He is confident, however, that the project will be approved because it would create a significant number of jobs, noting that “job creation generally trumps any negative impact on the community.
“We’re looking at the feasibility of doing multistory for every property we develop,” Snyder says. “It is an active effort on our part, driven by low vacancy.”
That being said, he notes that the feasibility of a multistory warehouse project will be governed by location specifics, height limitations and community acceptance. Project height is usually not a problem in places like downtown Los Angeles or South Los Angeles, near the ports, but it is an issue near airports, and “communities also have to be comfortable with the look,” Snyder says.
John DeGrinis, a senior executive vice president with real estate services firm Colliers International in its Los Angeles office, where industrial vacancy is averaging 1.0 percent or less in some submarkets, notes that multistory warehouses are the only alternative for increasing last mile distribution space in highly populated urban areas as e-commerce sales increase. “The idea is to transfer goods the shortest distance possible,” adds Snyder, noting that hauling packages from a distance on the urban perimeter creates a lot of truck traffic.
Snyder notes that industrial rents increase the closer a facility is to the city’s central business district (CBD). In Seattle, for example, warehouse space 45 miles from the urban core rents for between $0.50 and $0.75 per sq. ft., but the rate rises to about $1 per sq. ft. near Seattle’s CBD. But the physical cost of transporting goods from faraway facilities still significantly exceeds the cost of extra rent, Snyder says. “So, in the long run, savings in transportation costs justify the higher rents.”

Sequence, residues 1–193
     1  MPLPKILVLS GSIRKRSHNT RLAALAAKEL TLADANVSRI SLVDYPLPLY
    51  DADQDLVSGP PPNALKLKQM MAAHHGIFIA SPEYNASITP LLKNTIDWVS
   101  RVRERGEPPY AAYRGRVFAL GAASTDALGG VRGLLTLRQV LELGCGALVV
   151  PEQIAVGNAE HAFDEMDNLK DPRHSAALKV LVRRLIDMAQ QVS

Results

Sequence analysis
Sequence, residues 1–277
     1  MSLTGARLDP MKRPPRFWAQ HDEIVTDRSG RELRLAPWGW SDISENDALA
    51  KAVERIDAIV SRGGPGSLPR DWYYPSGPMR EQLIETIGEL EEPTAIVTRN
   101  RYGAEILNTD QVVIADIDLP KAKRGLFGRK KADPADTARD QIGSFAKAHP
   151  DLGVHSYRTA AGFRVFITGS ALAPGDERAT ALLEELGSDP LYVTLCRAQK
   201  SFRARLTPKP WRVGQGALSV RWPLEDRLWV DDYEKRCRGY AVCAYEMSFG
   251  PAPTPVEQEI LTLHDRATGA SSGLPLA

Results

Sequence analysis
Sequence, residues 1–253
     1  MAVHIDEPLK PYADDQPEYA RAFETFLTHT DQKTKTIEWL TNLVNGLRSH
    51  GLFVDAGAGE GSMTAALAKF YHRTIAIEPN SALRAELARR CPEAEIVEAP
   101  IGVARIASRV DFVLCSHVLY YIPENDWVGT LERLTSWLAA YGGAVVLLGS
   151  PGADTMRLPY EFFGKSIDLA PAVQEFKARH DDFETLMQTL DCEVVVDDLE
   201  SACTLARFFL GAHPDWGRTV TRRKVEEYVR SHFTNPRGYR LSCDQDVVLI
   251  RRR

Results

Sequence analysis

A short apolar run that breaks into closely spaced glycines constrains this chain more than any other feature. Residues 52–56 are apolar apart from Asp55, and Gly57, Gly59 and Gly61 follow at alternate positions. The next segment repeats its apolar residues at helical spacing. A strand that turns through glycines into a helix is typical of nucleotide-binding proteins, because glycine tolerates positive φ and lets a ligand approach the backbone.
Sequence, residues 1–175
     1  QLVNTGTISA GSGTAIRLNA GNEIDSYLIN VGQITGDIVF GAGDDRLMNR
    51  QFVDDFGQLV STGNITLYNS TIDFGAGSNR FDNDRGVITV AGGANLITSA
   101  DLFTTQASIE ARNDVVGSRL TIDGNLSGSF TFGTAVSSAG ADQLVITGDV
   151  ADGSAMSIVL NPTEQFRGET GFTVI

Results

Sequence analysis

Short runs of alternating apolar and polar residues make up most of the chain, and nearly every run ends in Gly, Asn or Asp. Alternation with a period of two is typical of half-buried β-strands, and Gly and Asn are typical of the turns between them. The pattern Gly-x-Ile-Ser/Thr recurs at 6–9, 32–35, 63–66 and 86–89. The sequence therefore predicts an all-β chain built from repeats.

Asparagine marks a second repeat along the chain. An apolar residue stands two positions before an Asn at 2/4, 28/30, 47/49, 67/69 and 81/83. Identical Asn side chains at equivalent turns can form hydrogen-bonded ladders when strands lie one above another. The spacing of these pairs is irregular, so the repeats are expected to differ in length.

Kossar agrees, noting that users are willing to pay higher rents for last mile space because rent represents only about 5 to 10 percent of the cost of operating a fulfillment or distribution center, while proximity to consumers saves much more in transportation costs, especially for outbound deliveries, and makes same-day delivery service possible.
JLL executives do not quote asking rents for industrial space that has not been completed. However, the difference between class-A rents and class-B and -C space in infill markets has traditionally been around 40 to 45 percent, according to Kossar.
Last mile industrial facilities have become the darling of institutional investors, who like the low vacancy levels and high rental rates these facilities command. “Investors look to Prologis as the leader in identifying new industrial product types—how it goes and is perceived by tenant communities,” Snyder says. “And a lot of investors are watching our project in Georgetown and what type of rents it will bring.